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Publication numberUS5755730 A
Publication typeGrant
Application numberUS 08/714,103
Publication dateMay 26, 1998
Filing dateMar 23, 1995
Priority dateMar 23, 1994
Fee statusPaid
Also published asDE69509642D1, DE69509642T2, EP0751747A1, EP0751747B1, WO1995025470A1
Publication number08714103, 714103, US 5755730 A, US 5755730A, US-A-5755730, US5755730 A, US5755730A
InventorsPaul Swain, Feng Gong, Timothy N. Mills
Original AssigneeUniversity College London
Export CitationBiBTeX, EndNote, RefMan
External Links: USPTO, USPTO Assignment, Espacenet
Device for use in cutting threads
US 5755730 A
Abstract
A device is provided for cutting threads, particularly curing surgery carried out using an endoscope. The device has a cutting member having at least one aperture extending therethrough of a size sufficient to permit the surgical thread to slide therethrough, the aperture having a thread-cutting edge. In use, the cutting member is located at the distal end of an endoscope.
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Claims(13)
We claim:
1. A device for endoscopically cutting a surgical thread, which comprises a cutting member having proximal and distal ends and having at least one aperture extending therethrough of a size sufficient to permit the surgical thread to slide therethrough, the aperture having a proximally facing thread-cutting edge and the cutting member being movably mounted with respect to the distal end of an endoscope whereby the surgical thread is cut by proximal movement of the cutting member relative to the thread.
2. A device according to claim 1, wherein the thread-cutting edge is arcuate.
3. A device according to claim 2, wherein the said aperture meets a curved outer surface of the cutting member to define the said thread-cutting edge.
4. A device according to claim 3, wherein the cutting member is cylindrical and has at least one said aperture extending therethrough from a forward end face thereof to the cylindrical surface thereof.
5. A device according to claim 4, wherein a pair of said apertures is provided.
6. A device according to claim 5, wherein the apertures are diametrically opposite one another.
7. A device according to claim 1, wherein the said enabling means comprises an elongate member connected at one end to the cutting member and at the other end to a mounting member for operation by the user.
8. A device according to claim 7, wherein the said elongate member is surrounded by a sheath in which the said elongate member is slidable, the sheath being connected neither to the cutting member nor to the mounting member.
9. A device as recited in claim 1 wherein the distal end of the endoscope has a distal face and the thread is cut between the distal face and the proximally facing thread-cutting edges as the cuffing member is moved proximally with respect to the distal end of the endoscope.
10. A method of cutting a surgical thread at a suture site within a patient comprising:
providing an endoscope having proximal and distal ends;
providing a cutting member having proximal arid distal ends and having at least one aperture extending therethrough of a size sufficient to permit the surgical thread to slide therethrough, the aperture having a proximally facing thread-cutting edge, and the cutting member being movably mounted with respect to the distal end of an endoscope,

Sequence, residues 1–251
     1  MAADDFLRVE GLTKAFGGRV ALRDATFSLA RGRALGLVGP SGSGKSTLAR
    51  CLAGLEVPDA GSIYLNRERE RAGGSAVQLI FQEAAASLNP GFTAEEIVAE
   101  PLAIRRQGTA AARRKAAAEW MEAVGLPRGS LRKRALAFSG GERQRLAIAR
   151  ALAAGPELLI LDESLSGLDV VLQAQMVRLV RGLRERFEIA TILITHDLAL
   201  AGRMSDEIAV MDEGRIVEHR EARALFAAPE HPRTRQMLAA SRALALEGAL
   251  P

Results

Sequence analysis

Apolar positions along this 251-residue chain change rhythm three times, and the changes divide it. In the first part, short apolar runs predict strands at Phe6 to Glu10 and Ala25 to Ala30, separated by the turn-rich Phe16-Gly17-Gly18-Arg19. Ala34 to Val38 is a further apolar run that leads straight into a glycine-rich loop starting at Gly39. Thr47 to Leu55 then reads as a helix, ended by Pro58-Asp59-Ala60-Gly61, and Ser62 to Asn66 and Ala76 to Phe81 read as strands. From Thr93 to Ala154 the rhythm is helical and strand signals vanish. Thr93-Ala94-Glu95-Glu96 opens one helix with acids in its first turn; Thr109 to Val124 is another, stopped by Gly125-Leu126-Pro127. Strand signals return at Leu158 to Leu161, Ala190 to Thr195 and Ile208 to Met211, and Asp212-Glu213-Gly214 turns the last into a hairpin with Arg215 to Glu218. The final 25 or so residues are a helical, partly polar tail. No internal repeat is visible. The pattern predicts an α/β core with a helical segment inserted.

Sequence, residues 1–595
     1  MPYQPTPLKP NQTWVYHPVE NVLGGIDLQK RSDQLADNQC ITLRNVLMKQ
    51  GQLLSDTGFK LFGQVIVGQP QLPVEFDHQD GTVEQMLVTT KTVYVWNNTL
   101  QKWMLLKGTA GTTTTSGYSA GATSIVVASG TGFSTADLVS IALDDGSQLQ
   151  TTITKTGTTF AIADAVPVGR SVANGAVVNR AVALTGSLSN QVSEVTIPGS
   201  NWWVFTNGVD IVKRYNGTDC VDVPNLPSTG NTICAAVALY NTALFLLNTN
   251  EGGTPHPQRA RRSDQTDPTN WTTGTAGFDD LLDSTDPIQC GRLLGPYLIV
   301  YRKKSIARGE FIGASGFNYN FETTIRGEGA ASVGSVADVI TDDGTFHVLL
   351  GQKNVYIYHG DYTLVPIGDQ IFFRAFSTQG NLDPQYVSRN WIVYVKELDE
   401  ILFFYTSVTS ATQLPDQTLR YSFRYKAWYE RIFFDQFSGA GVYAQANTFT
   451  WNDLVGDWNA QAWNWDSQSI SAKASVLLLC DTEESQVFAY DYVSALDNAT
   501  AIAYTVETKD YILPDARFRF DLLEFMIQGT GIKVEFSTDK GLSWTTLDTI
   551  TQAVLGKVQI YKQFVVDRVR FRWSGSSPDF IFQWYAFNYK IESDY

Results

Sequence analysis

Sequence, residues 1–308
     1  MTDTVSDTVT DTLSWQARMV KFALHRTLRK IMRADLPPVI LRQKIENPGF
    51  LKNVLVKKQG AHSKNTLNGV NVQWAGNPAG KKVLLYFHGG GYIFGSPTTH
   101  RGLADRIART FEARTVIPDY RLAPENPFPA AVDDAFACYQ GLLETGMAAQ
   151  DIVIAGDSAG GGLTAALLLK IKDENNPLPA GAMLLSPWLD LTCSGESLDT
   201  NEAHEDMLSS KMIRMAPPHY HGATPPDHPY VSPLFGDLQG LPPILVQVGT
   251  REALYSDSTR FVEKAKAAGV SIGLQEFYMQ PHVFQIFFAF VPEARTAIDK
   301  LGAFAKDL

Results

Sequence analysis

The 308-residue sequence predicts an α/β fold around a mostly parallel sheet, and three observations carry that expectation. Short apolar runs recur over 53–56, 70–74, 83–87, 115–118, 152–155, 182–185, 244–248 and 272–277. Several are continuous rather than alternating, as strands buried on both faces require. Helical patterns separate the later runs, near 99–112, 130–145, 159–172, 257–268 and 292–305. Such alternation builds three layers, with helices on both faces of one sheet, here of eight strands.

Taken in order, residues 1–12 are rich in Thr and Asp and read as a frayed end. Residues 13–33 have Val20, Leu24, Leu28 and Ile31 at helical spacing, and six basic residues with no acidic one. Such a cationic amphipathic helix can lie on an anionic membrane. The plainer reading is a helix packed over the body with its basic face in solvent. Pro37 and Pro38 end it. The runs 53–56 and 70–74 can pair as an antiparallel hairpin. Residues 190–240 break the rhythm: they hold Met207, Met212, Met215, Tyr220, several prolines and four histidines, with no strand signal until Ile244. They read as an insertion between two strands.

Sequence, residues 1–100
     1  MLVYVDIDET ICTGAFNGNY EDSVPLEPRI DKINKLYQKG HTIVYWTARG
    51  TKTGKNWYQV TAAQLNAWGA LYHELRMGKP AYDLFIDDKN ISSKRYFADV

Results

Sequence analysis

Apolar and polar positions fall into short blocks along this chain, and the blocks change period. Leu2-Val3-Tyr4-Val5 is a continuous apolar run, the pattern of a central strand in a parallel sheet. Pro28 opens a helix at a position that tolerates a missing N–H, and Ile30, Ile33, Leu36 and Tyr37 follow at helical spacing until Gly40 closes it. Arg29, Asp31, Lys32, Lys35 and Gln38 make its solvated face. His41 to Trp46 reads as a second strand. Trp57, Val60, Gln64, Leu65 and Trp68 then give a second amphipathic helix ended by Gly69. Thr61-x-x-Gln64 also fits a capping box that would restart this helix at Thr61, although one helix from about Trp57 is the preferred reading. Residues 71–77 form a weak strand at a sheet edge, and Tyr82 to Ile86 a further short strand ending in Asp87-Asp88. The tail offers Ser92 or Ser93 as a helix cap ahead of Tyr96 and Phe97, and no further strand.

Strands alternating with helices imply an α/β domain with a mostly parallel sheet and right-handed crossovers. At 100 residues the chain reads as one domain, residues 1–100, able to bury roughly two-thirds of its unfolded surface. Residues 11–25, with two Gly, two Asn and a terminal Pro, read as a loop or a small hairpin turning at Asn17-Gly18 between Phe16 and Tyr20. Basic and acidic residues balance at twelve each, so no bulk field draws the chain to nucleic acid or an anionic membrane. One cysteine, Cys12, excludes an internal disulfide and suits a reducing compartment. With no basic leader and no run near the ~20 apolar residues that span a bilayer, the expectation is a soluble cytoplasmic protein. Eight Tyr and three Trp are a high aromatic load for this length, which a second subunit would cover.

inserting the cutting member into and through the endoscope such that the cutting member protrudes at least slightly from the distal end of the endoscope;
inserting the surgical thread through the aperture(s) of the cutting member then holding the surgical thread in tension while advancing the cutting member and endoscope into the patient to the suture site;
withdrawing the cutting member proximally relative to the thread to cut the thread with the thread-cutting edge.
11. A method of cutting a surgical thread at a suture site within a patient comprising:
providing an endoscope having proximal and distal ends;
providing a cutting member having at least one thread-cutting edge and being movably mounted with respect to the distal end of the endoscope;
placing the surgical thread in tension;
moving the thread cutting member proximally relative to the distal end of the endoscope to cause the angle between the longitudinal axis of the thread and axis of movement of the cutting member to increase such that the thread becomes cut against the thread cutting edge.
12. A device for endoscopically cutting a surgical thread, which comprises a cutting member having at least one aperture extending therethrough of a size sufficient to permit the surgical thread to slide therethrough, the aperture having a single thread-cuffing edge that is the sole means for cutting the thread and the cutting member being movably mounted with respect to the distal end of a flexible endoscope.
13. A device for cutting a surgical thread within a patient, which comprises a cutting member having proximal and distal ends and having at least one aperture extending therethrough of a size sufficient to permit the surgical thread to slide therethrough, the aperture having a proximally facing thread-cutting edge, and the cutting member being slidably receivable in a tubular shaft that is positionable to introduce the cutting member into the patient whereby the surgical thread is cut by proximal movement of the cutting member relative to the thread.
Description

This invention relates to a device for use in cutting threads. It is particularly for use in cutting threads during surgery, and, more particularly, in surgery carried out using an endoscope. A primary intended field of application of the invention is in surgery carried out using a flexible endoscope, though it is applicable also to surgery where a rigid endoscope is used.